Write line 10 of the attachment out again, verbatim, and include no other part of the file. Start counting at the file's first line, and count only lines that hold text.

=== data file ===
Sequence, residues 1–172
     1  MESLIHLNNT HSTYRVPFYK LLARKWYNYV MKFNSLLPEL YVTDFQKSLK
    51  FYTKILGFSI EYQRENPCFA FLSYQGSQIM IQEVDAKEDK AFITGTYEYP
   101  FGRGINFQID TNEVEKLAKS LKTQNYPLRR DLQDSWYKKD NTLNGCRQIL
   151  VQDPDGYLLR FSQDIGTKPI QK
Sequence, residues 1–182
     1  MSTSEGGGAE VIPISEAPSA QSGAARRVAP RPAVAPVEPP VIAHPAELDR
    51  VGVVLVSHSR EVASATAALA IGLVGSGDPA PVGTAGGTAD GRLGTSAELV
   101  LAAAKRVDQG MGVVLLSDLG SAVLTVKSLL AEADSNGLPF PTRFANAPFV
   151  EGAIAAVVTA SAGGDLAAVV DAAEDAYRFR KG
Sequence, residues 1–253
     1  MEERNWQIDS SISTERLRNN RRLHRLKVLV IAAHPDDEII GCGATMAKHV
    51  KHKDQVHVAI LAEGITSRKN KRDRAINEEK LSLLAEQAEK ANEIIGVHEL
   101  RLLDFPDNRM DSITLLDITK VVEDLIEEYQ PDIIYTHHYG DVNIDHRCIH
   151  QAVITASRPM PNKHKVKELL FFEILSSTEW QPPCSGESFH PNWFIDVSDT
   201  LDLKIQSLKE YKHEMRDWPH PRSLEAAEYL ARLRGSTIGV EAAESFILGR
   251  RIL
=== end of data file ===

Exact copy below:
   151  EGAIAAVVTA SAGGDLAAVV DAAEDAYRFR KG